The interesting thing about the Russos’ experience in the business is that it’s mainly in the comedy genre, whether it be films like “You, Me and Dupree” or comedy series like “Community” and “Arrested Development.” And while the brothers adapted to the high-octane action genre quite well with “Captain America: The Winter Solider,” it’s clearly their sense of being storytellers first that landed them the highly-regarded Marvel gig.

“We were known for a very strong sense of story and character in our comedic work, mainly because it’s the sort of storytelling we most enjoy,” Anthony Russo said. “We like to laugh, but we also like something else going on at the same time that audiences can feel. So, we brought that same work ethic to making an action film. Every beat of the action has to be imbued with very strong storytelling and very strong character moments, otherwise the action gets boring.”

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Both in their early 40s, the Russos say they want to maintain childlike sensibilities making films like “Captain America: The Winter Soldier,” because they vividly remember how similar, fantastical films impacted them as youths. Ultimately, the brothers want to do the same for today’s kids.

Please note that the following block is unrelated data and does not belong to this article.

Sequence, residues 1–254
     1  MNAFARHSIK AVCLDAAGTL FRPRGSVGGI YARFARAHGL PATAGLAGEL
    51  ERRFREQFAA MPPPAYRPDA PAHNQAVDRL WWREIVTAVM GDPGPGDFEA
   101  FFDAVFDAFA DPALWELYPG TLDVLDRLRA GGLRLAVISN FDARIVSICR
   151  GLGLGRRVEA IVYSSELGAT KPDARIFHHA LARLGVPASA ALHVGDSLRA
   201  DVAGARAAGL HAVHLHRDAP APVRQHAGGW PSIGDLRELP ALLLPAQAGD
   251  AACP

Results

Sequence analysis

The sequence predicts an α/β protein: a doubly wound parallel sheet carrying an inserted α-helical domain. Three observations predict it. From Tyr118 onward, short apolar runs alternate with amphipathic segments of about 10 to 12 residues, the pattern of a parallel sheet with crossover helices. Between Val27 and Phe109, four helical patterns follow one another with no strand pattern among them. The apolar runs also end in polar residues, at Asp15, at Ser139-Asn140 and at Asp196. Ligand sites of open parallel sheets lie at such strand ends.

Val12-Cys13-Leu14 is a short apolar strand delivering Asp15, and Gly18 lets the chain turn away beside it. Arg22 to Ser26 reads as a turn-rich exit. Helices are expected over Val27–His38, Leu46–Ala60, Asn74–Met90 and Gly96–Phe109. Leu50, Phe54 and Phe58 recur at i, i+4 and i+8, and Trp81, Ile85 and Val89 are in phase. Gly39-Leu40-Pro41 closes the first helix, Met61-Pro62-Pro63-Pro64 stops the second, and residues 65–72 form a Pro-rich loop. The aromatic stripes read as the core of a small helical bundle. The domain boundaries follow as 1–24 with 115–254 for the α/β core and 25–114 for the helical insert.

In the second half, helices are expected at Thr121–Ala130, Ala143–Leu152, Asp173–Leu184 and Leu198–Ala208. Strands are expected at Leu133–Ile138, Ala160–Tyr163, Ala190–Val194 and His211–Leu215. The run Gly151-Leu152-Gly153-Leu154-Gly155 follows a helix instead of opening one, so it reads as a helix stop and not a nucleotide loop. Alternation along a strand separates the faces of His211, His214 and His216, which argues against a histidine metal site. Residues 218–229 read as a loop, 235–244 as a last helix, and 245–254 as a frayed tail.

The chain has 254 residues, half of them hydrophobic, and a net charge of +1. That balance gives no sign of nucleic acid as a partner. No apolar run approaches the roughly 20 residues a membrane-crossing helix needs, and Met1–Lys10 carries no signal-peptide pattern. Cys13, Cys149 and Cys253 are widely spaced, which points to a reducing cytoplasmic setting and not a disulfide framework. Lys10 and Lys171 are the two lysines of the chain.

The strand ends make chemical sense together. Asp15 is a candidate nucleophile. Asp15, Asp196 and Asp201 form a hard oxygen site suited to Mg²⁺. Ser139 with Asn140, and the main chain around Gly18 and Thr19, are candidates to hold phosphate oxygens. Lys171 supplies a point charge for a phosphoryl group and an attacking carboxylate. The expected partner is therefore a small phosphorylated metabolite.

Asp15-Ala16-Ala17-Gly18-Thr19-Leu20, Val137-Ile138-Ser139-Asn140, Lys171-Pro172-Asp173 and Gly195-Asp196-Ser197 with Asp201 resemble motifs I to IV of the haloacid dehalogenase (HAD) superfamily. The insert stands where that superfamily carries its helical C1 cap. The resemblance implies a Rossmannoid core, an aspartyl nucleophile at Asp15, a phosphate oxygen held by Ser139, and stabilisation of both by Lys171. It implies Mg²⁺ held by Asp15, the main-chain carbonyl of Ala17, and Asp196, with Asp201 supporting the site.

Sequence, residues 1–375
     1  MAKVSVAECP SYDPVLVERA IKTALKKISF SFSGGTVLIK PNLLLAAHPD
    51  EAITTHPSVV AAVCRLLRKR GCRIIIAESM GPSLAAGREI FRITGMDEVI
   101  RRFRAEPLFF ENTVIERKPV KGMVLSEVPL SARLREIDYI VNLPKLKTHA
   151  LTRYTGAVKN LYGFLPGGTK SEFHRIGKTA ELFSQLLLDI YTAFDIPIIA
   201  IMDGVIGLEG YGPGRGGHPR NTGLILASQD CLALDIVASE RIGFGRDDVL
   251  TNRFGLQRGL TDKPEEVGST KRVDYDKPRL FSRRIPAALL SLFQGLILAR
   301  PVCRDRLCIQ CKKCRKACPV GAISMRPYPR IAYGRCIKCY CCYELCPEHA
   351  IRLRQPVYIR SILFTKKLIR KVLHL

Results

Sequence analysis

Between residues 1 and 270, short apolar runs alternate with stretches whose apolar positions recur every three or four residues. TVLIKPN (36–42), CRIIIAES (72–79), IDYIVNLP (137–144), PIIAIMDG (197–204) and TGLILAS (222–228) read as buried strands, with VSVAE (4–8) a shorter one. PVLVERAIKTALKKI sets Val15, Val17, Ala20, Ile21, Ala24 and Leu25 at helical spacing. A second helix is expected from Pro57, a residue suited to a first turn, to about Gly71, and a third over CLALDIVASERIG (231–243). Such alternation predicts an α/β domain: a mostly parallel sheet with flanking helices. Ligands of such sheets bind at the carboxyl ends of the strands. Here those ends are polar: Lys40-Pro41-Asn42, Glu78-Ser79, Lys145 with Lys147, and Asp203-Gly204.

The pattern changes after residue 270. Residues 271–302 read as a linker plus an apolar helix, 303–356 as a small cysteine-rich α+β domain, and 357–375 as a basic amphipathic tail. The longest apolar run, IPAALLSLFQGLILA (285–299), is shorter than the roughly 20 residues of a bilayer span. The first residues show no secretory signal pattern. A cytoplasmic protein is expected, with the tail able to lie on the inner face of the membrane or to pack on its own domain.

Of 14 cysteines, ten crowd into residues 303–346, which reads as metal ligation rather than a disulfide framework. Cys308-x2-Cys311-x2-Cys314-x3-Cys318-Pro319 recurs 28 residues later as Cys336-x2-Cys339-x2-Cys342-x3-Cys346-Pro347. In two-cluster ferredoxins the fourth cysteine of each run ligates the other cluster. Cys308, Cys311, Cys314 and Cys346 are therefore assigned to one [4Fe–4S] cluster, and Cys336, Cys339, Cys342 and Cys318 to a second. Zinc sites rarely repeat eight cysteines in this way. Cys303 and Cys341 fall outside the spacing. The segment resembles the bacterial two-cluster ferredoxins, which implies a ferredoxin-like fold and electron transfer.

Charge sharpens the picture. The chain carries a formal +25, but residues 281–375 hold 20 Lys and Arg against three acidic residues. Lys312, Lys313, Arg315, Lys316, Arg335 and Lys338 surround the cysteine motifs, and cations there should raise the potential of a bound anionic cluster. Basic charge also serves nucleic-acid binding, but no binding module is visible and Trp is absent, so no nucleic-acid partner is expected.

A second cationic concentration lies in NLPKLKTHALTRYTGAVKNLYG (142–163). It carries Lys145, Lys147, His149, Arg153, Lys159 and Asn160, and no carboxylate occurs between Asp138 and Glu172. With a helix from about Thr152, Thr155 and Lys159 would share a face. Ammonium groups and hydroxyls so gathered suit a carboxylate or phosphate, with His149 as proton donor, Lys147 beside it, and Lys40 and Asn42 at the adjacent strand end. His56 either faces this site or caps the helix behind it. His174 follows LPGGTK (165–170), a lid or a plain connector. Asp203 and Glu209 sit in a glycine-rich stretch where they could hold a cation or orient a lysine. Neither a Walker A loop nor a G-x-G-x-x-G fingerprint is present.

“As a kid, when I went to ‘The Empire Strikes Back,’ I got to the theater at 11 in the morning and left at 11 at night after seeing the film six times in a row in the front row,” Joe Russo recalled. “Whether it’s in a theater or in a living room, we want to pass that experience on to other kids. We want to have a cultural impact, otherwise why do it? It takes two years of your life to make a movie like this, we wanted to reach people in a way that they could have an emotional experience and that they remember it for a long time.”

The Russos, of course, will have a chance to create more lasting memories for moviegoers for the yet-untitled sequel “Captain America 3,” which is due out in May 2016. And while rumors are running rampant over which “Avengers” members will assemble for the film, the Russos hint at least that there will be more of the Winter Soldier (Sebastian Stan), who in his earlier life before the evil forces of Hydra got hold of him, was Rogers’ best friend, Bucky Barnes.